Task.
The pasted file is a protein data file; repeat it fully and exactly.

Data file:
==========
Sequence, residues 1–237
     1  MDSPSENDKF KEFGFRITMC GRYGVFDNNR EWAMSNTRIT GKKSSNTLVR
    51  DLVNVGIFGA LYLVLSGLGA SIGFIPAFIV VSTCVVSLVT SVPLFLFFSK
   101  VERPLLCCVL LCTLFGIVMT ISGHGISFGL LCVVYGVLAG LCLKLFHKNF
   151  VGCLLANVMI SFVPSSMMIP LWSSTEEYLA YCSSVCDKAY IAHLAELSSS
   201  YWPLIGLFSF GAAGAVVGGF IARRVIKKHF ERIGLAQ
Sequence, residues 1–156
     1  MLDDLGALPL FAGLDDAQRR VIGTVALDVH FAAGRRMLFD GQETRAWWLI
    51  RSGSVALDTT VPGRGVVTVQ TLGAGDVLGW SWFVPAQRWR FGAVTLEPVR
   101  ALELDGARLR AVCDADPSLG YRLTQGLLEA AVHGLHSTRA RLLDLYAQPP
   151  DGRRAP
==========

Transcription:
Sequence, residues 1–237
     1  MDSPSENDKF KEFGFRITMC GRYGVFDNNR EWAMSNTRIT GKKSSNTLVR
    51  DLVNVGIFGA LYLVLSGLGA SIGFIPAFIV VSTCVVSLVT SVPLFLFFSK
   101  VERPLLCCVL LCTLFGIVMT ISGHGISFGL LCVVYGVLAG LCLKLFHKNF
   151  VGCLLANVMI SFVPSSMMIP LWSSTEEYLA YCSSVCDKAY IAHLAELSSS
   201  YWPLIGLFSF GAAGAVVGGF IARRVIKKHF ERIGLAQ
Sequence, residues 1–156
     1  MLDDLGALPL FAGLDDAQRR VIGTVALDVH FAAGRRMLFD GQETRAWWLI
    51  RSGSVALDTT VPGRGVVTVQ TLGAGDVLGW SWFVPAQRWR FGAVTLEPVR
   101  ALELDGARLR AVCDADPSLG YRLTQGLLEA AVHGLHSTRA RLLDLYAQPP
   151  DGRRAP